The missing amino acid linked to depression

Taurine is an amino acid naturally produced by the pancreas.

Unlike other amino acids, which are the “building blocks of protein,” taurine has particular functions within the body, one of which is supporting the general function of your central nervous system.

Perhaps there’s a connection between this role and the apparent link between taurine levels and depression that scientists at several Korean research institutions have made…

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Low taurine could mean higher depression risk

Using ultra-high magnetic field 7T human MRI (7T MRI), their study found lower taurine levels in the hippocampus of women (aged 19 to 29) with depression than in those who were not depressed.

The Korean research team plans on looking further into whether there is a causal relationship here, and what that might be.

One possibility they propose is that taurine may be involved in the regulation of other neurotransmitters, such as GABA or serotonin, both of which regulate mood in general, and anxiety in particular.

In fact, previous research has indicated that supplementing taurine can reduce depression-like and anxious behaviors.

Taurine levels drop substantially with age. Specifically in people, the taurine levels in 60-year-olds are only about one-third of the levels in 5-year-olds.

But depression isn’t the only reason to work at keeping your taurine levels up…

Taurine’s importance: now and for the long haul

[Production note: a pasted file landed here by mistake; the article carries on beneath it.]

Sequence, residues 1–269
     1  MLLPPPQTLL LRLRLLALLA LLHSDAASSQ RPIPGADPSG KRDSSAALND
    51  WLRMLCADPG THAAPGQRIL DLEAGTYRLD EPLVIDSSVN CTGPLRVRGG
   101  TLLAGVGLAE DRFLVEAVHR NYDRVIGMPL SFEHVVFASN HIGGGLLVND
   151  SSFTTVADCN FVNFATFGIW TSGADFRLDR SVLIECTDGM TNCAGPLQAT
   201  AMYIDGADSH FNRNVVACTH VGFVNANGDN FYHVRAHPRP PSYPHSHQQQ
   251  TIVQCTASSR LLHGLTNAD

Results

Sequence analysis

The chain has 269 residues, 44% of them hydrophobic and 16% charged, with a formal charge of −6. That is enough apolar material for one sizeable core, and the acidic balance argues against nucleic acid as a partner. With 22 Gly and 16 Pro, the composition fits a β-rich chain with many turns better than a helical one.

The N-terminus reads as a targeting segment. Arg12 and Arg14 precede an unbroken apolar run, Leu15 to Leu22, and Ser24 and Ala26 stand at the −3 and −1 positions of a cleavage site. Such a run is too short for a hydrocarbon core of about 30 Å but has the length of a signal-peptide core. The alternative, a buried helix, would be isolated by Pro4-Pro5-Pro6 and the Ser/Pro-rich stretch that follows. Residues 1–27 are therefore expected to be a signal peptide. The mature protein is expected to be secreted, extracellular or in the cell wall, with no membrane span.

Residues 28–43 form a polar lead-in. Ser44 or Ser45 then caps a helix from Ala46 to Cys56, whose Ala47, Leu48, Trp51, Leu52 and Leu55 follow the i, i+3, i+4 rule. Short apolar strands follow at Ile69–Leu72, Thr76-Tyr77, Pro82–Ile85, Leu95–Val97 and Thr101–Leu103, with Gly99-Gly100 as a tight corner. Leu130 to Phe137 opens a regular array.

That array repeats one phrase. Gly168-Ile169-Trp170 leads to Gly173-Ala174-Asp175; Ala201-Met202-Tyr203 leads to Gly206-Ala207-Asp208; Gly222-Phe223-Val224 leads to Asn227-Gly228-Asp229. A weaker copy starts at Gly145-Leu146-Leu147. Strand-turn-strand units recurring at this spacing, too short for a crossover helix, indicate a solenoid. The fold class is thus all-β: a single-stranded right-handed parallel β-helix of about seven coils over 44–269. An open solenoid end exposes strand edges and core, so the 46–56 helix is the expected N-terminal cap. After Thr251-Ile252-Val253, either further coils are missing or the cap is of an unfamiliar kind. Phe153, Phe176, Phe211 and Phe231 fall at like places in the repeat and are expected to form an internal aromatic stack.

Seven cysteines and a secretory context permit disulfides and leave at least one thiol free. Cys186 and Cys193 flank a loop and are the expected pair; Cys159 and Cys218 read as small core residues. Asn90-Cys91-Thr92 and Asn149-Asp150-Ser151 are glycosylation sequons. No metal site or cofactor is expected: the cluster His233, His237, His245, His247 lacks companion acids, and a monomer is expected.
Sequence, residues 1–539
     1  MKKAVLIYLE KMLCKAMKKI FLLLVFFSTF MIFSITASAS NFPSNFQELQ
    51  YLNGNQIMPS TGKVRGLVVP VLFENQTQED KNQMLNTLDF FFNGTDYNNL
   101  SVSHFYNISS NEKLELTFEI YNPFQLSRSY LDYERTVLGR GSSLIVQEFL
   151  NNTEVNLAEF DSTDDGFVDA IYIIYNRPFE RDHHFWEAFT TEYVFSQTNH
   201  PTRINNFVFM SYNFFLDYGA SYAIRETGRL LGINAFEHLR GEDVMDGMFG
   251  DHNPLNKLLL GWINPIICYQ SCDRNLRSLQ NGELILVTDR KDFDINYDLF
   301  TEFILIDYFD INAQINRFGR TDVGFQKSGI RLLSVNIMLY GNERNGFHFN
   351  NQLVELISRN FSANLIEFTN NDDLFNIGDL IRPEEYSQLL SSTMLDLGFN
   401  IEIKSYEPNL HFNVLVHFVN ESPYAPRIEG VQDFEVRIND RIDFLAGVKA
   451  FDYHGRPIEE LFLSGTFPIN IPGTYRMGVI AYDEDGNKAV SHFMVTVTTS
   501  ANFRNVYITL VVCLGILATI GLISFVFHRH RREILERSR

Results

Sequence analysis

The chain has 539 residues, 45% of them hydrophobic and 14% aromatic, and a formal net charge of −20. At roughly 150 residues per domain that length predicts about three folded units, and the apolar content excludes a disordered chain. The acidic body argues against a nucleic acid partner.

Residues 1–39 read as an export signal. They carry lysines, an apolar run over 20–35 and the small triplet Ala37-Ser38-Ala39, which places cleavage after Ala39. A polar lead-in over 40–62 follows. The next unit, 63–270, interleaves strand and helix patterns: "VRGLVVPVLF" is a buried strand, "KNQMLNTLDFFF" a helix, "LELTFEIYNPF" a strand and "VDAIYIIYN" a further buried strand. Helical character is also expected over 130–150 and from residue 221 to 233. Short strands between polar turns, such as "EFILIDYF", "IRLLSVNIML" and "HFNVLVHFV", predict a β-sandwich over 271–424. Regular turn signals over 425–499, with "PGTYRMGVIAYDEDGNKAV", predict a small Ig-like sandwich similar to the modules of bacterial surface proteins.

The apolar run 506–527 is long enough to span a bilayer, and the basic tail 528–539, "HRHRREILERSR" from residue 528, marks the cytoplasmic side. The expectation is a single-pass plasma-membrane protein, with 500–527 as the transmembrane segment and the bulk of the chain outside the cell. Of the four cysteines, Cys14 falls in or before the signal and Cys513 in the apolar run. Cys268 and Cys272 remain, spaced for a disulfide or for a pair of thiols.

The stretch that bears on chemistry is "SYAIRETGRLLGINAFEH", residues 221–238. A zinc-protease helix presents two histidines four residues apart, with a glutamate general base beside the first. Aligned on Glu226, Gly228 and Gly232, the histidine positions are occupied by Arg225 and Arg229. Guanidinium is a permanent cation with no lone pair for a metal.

Dr. Bruce Ames is a highly respected biochemist whose “triage theory” explains why deficiencies — even ones without overt symptoms — could contribute to the aging process.

According to Dr. Ames, nutrition science ignores the fact that most vitamins and minerals are not only needed to maintain our day-to-day health but are also required for processes that impact our long-term health.

One of those is taurine. In addition to nervous system functions, it’s been found to impact immune function, obesity and the building of bone.

When we’re deficient in one of these vitamins, minerals or amino acids used in so many of the body’s processes, the body rations it. And you can guess where it goes: to the processes that ensure immediate survival.

That means that any processes related to longevity get the short end of the stick.

In mice who were supplemented taurine daily, the result was an increase in lifespan — the equivalent of about seven to eight human years.

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How to get more taurine

While taurine appears to play a major role in slowing the aging process in animals, more research is needed to confirm a similar role in humans.

But other studies have shown that taurine may also have a role in boosting heart health, improving glucose metabolism, and supporting a healthy liver. And now it appears it may have a significant impact on mental health.

So there’s no harm in making sure you get enough. Just don’t go over 3000mg a day if you supplement. If you have kidney problems, consult your doctor first.

Supplementing is a good idea if you eat a vegan or vegetarian diet since the main sources of taurine are animal proteins.

Taurine is found in:

  • Tuna
  • Tilapia
  • Scallops
  • Octopus
  • Turkey
  • Chicken
  • Beef
  • eggs
  • Dairy products

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Taurine Levels in Brain Linked to Depression — Neuroscience News

Association Between Taurine Level in the Hippocampus and Major Depressive Disorder in Young Women: A Proton Magnetic Resonance Spectroscopy Study at 7T — Biological Psychiatry

The “triage theory”: micronutrient deficiencies cause insidious damage that accelerates age-associated chronic disease —

Joyce Hollman

By Joyce Hollman

Joyce Hollman is a writer based in Kennebunk, Maine, specializing in the medical/healthcare and natural/alternative health space. Health challenges of her own led Joyce on a journey to discover ways to feel better through organic living, utilizing natural health strategies. Now, practicing yoga and meditation, and working towards living in a chemical-free home, her experiences make her the perfect conduit to help others live and feel better naturally.